Henry Taylor is an American poet, author of more than fifteen books of poems, and winner of the 1986 Pulitzer Prize for Poetry.
I learned two things
from an early riding teacher.
He held a nervous filly
in one hand and gestured
with the other, saying, "Listen.
Keep one leg on one side,
the other leg on the other side,
and your mind in the middle."
He turned and mounted.
She took two steps, then left
the ground, I thought for good.
But she came down hard, humped
her back, swallowed her neck,
and threw her rider as you'd
throw a rock. He rose, brushed
his pants and caught his breath,
and said, "See, that's the way
to do it. When you see
they're gonna throw you, get off."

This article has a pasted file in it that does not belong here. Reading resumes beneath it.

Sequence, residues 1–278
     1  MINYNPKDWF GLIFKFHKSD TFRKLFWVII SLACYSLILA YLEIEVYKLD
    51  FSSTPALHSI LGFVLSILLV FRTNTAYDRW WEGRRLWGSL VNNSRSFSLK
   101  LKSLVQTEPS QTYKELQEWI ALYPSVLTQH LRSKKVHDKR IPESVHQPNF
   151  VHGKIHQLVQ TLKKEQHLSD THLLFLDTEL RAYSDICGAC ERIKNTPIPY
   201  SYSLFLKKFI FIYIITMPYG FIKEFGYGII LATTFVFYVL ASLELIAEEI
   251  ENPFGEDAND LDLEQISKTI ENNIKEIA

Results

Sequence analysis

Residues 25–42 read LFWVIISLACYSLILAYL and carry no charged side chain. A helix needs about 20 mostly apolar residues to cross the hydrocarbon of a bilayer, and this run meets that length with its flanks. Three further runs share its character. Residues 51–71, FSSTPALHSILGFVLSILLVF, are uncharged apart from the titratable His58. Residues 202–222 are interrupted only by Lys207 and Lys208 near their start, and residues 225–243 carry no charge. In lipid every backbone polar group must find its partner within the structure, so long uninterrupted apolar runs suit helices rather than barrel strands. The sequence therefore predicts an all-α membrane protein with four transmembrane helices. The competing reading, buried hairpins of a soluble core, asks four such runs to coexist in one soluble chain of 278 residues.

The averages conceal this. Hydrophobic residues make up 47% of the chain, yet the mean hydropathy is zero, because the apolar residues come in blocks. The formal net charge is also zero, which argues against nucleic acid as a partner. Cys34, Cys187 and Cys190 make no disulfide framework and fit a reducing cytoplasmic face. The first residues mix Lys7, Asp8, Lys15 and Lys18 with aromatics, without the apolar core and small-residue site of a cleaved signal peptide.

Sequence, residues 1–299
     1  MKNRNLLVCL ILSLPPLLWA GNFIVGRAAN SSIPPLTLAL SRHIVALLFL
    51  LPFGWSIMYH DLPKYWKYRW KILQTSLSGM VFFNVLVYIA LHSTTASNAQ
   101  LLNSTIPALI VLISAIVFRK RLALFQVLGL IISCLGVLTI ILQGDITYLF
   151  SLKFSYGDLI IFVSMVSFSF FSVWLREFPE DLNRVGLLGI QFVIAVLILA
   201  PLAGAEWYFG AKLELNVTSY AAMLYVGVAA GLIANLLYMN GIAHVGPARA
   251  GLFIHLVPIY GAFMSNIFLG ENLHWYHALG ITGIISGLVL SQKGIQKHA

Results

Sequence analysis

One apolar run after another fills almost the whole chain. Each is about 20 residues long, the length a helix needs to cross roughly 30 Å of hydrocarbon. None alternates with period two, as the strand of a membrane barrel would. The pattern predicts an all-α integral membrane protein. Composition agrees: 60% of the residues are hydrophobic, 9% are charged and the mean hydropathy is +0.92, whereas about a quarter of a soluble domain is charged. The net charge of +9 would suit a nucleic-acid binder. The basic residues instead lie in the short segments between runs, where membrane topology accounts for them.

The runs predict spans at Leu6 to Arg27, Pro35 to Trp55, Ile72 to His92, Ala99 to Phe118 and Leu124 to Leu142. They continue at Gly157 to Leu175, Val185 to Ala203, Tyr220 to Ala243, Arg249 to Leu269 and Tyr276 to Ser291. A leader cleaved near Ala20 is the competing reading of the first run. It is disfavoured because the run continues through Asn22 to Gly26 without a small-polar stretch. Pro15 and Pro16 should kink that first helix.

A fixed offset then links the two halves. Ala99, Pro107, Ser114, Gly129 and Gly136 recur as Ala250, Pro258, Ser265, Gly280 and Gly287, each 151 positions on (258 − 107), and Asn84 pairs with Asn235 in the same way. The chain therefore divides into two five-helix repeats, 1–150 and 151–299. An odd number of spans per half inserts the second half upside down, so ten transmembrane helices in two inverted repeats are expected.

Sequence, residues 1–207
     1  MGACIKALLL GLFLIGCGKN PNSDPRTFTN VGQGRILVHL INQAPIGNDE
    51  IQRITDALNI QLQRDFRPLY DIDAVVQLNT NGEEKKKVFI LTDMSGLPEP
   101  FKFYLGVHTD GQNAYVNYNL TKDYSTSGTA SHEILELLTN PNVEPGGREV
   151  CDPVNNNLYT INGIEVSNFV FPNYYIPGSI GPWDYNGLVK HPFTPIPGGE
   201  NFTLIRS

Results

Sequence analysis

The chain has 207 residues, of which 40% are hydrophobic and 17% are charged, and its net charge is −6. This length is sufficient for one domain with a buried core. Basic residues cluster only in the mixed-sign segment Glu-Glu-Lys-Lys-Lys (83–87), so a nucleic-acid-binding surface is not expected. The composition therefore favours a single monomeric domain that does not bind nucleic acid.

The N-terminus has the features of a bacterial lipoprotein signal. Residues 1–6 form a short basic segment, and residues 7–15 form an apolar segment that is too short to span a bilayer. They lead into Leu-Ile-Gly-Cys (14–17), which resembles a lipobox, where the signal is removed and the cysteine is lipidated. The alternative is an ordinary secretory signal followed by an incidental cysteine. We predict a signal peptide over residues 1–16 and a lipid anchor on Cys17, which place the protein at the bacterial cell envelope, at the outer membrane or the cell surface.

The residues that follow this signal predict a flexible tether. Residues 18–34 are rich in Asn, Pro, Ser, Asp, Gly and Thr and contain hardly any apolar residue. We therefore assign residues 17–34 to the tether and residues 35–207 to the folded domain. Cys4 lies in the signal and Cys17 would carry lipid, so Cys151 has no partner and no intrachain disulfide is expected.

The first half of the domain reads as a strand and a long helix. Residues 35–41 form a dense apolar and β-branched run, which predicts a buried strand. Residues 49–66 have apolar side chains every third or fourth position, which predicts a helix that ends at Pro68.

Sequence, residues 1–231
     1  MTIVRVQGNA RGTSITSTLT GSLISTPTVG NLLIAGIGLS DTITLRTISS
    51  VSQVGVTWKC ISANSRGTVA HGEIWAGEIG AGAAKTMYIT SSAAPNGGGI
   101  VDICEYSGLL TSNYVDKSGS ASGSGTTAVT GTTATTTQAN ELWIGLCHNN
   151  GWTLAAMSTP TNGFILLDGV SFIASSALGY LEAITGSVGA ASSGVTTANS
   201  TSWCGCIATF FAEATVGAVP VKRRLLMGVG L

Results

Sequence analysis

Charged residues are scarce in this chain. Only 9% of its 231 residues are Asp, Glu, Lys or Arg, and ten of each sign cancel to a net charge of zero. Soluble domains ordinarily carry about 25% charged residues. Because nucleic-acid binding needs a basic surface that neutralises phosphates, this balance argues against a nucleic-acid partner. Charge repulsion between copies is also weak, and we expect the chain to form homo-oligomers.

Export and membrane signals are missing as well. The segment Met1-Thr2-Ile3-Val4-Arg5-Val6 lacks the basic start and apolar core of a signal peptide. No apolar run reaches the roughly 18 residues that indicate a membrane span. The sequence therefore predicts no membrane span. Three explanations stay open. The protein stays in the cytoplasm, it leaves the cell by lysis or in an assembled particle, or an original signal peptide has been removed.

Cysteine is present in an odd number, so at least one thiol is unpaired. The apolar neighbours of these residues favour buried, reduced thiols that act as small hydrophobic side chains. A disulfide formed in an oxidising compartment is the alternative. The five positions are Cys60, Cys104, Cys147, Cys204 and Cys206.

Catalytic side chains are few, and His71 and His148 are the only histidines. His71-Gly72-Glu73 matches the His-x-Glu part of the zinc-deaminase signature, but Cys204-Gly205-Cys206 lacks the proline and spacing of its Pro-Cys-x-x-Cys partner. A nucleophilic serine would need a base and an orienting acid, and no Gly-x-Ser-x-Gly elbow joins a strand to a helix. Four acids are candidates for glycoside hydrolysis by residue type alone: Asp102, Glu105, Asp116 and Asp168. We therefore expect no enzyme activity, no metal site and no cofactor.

Taylor was born in 1942 in Lincoln, near Leesburg, Virginia, and raised as a Quaker. He graduated from the University of Virginia in 1965, received his M.A. from Hollins University (formerly Hollins College) in 1966. He went on to teach literature at American University from 1971–2003 and also co-directed the Master of Fine Arts program in creative writing.
A lover of horses since childhood, Taylor won the Pulitzer Prize for poetry for his book, The Flying Change. The title, an equestrian term, suggests changes that people negotiate through life—a theme of some of the poems in the book.
Posted September 14, 2020